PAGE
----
public relations

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Influencing the public so that they regard an individual, firm, charity, etc., in a favourable light in comparison to their competitors. In business a good corporate image is an important asset. Some media personalities, large companies, and national charities employ their own public relations officers (PROs) to deal with the media, provide information in the form of handouts, and to represent their principals at press conferences, etc. Others use public relations agencies to fulfil these functions. PR does not involve paid advertising, which is a quite separate activity. While an advertising agent will plan an advertising campaign, charging a percentage of the money spent, PR agencies, for a flat fee (plus expenses), will seek to promote their principals by persuading newspapers to feature them in articles, by obtaining publicity for their products, by arranging for TV and radio personalities to interview them, and by lobbying. PR agencies also handle unfavourable reports and rumours.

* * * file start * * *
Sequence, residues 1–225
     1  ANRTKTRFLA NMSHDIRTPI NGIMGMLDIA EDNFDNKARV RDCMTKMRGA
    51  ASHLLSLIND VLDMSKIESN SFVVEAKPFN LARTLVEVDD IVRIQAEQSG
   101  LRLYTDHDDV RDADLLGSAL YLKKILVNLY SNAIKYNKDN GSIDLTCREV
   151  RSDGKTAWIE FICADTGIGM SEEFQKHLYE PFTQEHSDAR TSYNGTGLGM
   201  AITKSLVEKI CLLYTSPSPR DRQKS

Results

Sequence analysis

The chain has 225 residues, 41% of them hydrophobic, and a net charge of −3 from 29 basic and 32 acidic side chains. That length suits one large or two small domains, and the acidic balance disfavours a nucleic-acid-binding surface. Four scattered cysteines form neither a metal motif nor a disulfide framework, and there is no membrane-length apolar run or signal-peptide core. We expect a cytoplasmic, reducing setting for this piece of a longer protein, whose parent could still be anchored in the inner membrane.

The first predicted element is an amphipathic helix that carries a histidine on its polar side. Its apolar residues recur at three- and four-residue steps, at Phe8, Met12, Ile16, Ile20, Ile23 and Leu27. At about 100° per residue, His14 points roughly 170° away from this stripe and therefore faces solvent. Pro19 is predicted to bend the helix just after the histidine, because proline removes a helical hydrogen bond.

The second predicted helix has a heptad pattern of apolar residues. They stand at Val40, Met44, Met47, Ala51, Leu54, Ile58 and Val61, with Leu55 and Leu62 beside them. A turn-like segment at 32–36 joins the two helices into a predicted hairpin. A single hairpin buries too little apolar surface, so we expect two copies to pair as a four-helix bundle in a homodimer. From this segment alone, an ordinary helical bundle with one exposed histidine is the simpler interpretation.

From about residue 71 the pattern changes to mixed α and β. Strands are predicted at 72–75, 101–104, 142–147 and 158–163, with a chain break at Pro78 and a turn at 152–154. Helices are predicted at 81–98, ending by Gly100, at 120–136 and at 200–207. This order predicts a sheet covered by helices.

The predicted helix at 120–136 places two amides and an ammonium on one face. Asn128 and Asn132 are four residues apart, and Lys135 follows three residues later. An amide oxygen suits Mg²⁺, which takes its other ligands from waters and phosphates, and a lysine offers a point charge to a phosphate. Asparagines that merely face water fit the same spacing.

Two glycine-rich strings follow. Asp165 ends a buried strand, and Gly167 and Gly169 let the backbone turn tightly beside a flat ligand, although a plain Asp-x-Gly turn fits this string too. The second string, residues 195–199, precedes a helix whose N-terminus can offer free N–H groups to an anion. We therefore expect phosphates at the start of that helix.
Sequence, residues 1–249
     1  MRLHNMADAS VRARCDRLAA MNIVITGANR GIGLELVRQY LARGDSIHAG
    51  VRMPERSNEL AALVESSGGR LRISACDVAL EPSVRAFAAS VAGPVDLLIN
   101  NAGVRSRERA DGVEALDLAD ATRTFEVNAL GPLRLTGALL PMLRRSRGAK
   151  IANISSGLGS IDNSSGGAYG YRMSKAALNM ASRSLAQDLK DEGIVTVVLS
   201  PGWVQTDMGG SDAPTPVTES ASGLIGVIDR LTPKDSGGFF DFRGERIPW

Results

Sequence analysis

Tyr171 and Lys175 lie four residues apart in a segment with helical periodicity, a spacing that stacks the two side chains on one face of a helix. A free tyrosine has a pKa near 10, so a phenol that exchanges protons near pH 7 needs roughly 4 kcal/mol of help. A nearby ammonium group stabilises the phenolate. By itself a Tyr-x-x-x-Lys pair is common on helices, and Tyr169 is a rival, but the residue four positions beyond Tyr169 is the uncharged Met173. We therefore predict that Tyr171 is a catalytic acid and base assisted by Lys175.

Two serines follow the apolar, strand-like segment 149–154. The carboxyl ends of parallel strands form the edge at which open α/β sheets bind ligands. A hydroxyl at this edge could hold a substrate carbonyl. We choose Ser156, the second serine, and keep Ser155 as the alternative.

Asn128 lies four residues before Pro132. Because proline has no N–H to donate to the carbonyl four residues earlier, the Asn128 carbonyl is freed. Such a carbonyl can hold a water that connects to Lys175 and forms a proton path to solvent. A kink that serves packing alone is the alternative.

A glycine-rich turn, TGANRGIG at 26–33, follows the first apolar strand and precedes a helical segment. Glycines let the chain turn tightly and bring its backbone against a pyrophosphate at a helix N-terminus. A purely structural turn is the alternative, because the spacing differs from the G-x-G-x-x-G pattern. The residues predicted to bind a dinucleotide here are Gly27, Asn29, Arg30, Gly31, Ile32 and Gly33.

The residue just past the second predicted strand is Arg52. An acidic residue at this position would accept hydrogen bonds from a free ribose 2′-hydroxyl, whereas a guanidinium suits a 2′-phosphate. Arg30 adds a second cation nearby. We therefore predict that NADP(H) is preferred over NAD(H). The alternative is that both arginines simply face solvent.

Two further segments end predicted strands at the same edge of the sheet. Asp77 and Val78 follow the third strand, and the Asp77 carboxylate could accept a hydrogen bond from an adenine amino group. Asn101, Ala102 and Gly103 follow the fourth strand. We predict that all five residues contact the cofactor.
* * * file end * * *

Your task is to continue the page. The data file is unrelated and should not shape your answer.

Subjects: Marketing.

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